LONDON, July 19 (UPI) -- A conversation between U.S. President George W. Bush and British Prime Minister Tony Blair about the war in Iraq is to be protected in a forthcoming trial.
A British judge ruled Tuesday that a document detailing the discussion -- already partially leaked to the media -- must be kept out of the public domain during an official secrets trial in which it is to be submitted as evidence.
During the April 2004 conversation, Bush purportedly expressed his desire to bomb the Arabic satellite TV station al-Jazeera, while Blair raised concerns about U.S. military tactics in the Iraqi city of Fallujah.
Any discussion of the document must be heard in private, Justice Aikens ruled. He also banned the public and the media from hearing the prosecution's arguments on the grounds of national security.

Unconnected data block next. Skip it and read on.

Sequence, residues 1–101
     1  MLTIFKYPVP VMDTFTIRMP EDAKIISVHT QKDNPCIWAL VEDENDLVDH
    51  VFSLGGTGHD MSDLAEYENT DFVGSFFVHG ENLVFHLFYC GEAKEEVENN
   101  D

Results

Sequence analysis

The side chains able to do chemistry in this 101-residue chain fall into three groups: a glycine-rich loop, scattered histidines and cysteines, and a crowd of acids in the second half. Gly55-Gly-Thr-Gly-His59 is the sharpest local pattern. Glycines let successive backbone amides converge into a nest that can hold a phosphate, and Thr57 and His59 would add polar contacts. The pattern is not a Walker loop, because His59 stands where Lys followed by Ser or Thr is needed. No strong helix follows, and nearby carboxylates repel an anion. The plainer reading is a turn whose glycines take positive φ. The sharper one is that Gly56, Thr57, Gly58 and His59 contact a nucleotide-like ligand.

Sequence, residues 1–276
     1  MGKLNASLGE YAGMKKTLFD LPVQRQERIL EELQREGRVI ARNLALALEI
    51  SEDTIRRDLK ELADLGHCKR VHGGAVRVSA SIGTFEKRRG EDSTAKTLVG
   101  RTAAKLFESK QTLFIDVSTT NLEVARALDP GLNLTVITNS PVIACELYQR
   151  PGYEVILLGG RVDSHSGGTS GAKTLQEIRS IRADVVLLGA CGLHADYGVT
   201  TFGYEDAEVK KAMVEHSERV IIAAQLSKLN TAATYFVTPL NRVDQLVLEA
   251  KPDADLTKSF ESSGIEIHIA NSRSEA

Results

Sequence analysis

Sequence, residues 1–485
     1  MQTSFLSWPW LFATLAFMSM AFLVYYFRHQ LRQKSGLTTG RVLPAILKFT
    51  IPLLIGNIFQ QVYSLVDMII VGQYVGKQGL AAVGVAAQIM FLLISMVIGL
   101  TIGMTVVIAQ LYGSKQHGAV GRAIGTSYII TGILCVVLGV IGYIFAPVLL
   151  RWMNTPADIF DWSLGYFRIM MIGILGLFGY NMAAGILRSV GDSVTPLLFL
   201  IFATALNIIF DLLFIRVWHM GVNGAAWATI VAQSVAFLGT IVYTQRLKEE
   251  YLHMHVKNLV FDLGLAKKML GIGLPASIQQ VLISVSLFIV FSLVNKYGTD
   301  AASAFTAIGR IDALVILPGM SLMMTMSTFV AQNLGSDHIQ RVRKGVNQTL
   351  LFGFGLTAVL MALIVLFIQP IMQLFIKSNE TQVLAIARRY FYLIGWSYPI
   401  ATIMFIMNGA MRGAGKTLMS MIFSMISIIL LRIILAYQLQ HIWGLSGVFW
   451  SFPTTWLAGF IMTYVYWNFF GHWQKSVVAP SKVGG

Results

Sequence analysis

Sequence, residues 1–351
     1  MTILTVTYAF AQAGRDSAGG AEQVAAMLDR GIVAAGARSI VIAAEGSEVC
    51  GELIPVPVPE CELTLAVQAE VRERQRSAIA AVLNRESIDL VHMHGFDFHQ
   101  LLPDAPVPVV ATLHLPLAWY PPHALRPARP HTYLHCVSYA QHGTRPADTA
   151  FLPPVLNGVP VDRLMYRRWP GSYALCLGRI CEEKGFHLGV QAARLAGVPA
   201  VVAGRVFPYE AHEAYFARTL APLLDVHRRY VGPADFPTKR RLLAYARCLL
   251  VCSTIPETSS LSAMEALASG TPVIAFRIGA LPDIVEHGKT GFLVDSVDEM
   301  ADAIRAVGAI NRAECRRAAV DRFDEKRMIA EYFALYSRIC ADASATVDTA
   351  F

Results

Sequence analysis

A number of newspapers are planning to challenge the ruling.
David Keogh, a former Cabinet Office official, and Leo O'Connor, former researcher for a Labor parliamentarian, are due to face trial at London's Old Bailey on Oct. 9. Both have pleaded not guilty to charges under the Official Secrets Act.
The Bush-Blair meeting followed the U.S. military assault on Fallujah, in which up to 1,000 Iraqi civilians are estimated to have died. Whitehall officials, intelligence officials and British military commanders were outraged by the scale of the attack, while U.S. generals were angered by images of the battle broadcast on al-Jazeera.
A further document, leaked in May 2004, contained British criticism of "heavy-handed U.S. military tactics in Fallujah and Najaf" which were losing the coalition "much public support inside Iraq."